Not a lot of people know this but it can easily be done and doesn’t take too long at all.

To make this method work, you need access to Windows 11 installation files (ISO) or the installer USB drive you may have used earlier to install Windows 11.

Option 1: Using the setup file from the Windows 11 ISO

See if you have the Windows 11 ISO stored somewhere on your PC. If you do, perfect! No need to download anything.

In case you don’t have the Windows 11 ISO around, we suggest you follow this guide to download the latest available ISO.

Before proceeding, make sure you can boot into Windows 11 and access the ISO. If you can, let’s move to the next step.

Locate the Windows 11 ISO and double-click it.

The ISO should now be mounted on a virtual disk drive on your Windows 11 PC and should look similar to this

Double-click the virtual drive. Once inside, there should be a file named ‘setup’, double-click it.

Tip: Alternatively, you can also extract the ISO somewhere on your pc, which of course would take a bit of time but should give you the same result.

Wait for the Windows 11 setup to start. Once done, you should see a screen similar to below. Click on ‘Next’.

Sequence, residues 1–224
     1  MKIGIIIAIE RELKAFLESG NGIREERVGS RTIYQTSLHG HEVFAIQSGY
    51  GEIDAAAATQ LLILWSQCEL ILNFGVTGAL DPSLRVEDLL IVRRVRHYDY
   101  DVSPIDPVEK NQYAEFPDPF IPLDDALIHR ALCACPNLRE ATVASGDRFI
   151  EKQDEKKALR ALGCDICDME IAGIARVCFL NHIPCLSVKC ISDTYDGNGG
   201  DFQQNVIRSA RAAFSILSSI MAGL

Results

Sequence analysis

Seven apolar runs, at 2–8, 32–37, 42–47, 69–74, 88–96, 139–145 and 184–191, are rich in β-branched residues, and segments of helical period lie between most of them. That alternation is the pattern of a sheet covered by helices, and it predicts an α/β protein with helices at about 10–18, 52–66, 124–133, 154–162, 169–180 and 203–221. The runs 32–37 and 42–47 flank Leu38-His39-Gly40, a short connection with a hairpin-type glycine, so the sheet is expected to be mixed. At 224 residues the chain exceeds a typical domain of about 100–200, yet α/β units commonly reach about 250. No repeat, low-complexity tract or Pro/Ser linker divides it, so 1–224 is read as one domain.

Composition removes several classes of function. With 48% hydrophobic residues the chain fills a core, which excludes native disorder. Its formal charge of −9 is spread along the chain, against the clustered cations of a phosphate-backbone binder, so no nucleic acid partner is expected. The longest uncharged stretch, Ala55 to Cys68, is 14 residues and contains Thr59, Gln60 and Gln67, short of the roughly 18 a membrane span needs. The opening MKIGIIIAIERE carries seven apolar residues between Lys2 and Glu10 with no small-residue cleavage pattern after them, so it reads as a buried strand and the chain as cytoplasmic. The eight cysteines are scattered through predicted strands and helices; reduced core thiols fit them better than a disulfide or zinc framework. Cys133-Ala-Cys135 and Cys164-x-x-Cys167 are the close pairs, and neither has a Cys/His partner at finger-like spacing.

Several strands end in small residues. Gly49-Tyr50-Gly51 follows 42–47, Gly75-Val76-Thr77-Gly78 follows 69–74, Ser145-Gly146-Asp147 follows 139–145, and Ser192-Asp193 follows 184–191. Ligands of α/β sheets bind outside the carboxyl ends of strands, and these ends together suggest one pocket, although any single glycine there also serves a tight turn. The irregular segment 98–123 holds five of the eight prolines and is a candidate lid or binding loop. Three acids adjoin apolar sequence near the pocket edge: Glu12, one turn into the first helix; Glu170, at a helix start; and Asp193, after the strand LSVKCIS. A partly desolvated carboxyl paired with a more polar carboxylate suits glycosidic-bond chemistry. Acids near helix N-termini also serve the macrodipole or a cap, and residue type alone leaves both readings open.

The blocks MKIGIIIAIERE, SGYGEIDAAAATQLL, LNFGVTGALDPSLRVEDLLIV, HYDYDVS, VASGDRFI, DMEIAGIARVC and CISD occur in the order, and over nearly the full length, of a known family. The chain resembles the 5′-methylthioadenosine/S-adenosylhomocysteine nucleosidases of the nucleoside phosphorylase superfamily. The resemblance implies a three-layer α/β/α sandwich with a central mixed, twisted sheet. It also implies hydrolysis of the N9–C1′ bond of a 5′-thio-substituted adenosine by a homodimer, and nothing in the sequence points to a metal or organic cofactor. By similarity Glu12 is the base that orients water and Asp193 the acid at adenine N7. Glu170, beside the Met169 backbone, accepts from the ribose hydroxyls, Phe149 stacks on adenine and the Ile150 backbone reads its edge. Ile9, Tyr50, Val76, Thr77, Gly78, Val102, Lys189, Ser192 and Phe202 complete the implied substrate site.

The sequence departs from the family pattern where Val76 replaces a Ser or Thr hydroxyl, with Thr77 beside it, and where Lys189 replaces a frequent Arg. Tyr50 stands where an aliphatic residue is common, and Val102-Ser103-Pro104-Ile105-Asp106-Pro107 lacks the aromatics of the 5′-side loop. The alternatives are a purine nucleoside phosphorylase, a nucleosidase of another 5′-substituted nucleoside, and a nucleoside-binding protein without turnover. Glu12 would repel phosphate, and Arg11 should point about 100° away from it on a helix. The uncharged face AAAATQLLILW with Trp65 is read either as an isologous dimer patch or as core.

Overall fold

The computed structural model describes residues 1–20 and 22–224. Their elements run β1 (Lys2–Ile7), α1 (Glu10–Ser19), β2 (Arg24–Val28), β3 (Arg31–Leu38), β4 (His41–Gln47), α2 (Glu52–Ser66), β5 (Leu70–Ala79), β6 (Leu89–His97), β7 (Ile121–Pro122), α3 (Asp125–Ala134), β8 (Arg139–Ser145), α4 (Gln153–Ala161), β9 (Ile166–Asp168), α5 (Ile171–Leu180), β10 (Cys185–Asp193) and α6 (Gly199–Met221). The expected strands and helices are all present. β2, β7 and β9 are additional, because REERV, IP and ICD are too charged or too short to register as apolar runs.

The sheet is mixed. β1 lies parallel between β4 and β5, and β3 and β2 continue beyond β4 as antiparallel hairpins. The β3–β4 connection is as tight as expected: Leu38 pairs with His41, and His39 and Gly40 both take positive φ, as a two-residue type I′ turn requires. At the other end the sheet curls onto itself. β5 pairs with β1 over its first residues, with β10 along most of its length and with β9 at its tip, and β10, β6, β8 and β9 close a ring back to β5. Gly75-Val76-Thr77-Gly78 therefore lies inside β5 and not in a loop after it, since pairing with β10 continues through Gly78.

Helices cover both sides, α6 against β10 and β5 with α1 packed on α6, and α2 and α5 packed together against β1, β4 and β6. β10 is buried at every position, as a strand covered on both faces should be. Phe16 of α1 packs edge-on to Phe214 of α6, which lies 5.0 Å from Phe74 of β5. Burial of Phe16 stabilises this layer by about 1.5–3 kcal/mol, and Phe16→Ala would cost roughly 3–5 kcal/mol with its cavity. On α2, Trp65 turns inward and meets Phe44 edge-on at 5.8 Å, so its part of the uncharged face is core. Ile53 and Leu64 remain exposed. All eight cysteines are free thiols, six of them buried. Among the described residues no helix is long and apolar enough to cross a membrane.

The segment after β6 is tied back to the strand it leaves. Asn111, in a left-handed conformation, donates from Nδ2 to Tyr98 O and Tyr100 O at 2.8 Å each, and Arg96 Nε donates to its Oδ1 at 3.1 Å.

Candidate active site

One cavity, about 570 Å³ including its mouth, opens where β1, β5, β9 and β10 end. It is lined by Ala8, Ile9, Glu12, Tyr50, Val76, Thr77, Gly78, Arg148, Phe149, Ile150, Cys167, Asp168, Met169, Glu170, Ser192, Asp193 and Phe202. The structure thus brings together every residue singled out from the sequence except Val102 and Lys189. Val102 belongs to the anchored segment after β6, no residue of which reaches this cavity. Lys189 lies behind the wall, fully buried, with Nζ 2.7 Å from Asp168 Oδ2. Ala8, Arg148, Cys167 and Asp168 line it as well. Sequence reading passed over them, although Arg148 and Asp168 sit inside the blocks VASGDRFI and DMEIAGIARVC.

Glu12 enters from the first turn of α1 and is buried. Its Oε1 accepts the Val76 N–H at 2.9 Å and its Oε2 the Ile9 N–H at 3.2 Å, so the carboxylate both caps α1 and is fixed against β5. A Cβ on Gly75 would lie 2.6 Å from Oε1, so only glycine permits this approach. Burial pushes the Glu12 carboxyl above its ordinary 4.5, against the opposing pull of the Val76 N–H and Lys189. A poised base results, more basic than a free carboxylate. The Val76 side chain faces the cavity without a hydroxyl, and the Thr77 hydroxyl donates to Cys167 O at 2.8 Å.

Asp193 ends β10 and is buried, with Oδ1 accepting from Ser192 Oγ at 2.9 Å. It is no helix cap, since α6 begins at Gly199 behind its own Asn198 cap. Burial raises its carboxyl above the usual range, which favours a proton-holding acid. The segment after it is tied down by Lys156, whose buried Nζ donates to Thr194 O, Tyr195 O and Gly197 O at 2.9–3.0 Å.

Accept the Terms & Conditions.

Choose the option that best suits you here and click ‘Next’. We would like to keep our files, hence we’ve chosen ‘Keep personal files and apps’.

Click on ‘Install’ to start the installation.

After a few seconds, setup should start preparing your PC for an in-place upgrade, which will repair and refresh all the files needed to run Windows 11 on your PC.

Your PC may reboot a few times to complete the repair.

Once setup has finished, your copy of Windows 11 should be completely repaired and ready to use.

Option 2: Using a bootable USB drive

If for some reason, your PC fails to boot into Windows 11 or simply reboots repeatedly due to a corrupt Windows file, then this option will be perfect for you.

Before we start, see if you still have the Windows 11 USB install stick you may have used to install Windows 11 on your PC. If you do, then there’s nothing to worry about.